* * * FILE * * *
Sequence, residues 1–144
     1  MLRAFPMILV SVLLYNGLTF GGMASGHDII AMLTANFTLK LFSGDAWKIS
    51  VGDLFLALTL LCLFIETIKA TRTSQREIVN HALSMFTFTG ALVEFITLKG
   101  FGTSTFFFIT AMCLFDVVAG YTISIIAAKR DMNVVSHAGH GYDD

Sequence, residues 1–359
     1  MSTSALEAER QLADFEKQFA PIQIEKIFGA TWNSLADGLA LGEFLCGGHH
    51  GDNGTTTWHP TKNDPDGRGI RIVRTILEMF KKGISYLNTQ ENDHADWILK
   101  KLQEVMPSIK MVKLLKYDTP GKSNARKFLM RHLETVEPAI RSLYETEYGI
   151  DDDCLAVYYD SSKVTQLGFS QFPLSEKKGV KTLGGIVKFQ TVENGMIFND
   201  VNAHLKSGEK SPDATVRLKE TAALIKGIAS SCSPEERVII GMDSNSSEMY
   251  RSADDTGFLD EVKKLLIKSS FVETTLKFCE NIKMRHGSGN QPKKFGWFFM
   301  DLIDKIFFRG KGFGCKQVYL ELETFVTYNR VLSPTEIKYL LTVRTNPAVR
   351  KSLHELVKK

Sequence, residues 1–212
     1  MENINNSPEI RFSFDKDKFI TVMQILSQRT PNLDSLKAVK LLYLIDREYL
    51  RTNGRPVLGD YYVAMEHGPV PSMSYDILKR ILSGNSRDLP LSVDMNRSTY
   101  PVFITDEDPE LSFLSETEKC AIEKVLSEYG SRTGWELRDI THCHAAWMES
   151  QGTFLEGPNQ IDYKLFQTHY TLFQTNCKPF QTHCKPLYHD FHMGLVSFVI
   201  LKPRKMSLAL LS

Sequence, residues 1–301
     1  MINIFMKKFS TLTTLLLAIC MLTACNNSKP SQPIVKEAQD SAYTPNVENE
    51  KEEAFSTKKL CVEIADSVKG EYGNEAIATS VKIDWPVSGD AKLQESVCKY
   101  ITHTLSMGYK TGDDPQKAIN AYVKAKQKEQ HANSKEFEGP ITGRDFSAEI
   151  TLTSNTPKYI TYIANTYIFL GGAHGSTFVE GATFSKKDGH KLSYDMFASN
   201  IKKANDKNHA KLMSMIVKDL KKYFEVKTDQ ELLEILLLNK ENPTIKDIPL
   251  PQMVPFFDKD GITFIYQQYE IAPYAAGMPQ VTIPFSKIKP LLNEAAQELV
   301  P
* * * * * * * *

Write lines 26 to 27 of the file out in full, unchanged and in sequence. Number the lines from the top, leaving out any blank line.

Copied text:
   251  PQMVPFFDKD GITFIYQQYE IAPYAAGMPQ VTIPFSKIKP LLNEAAQELV
   301  P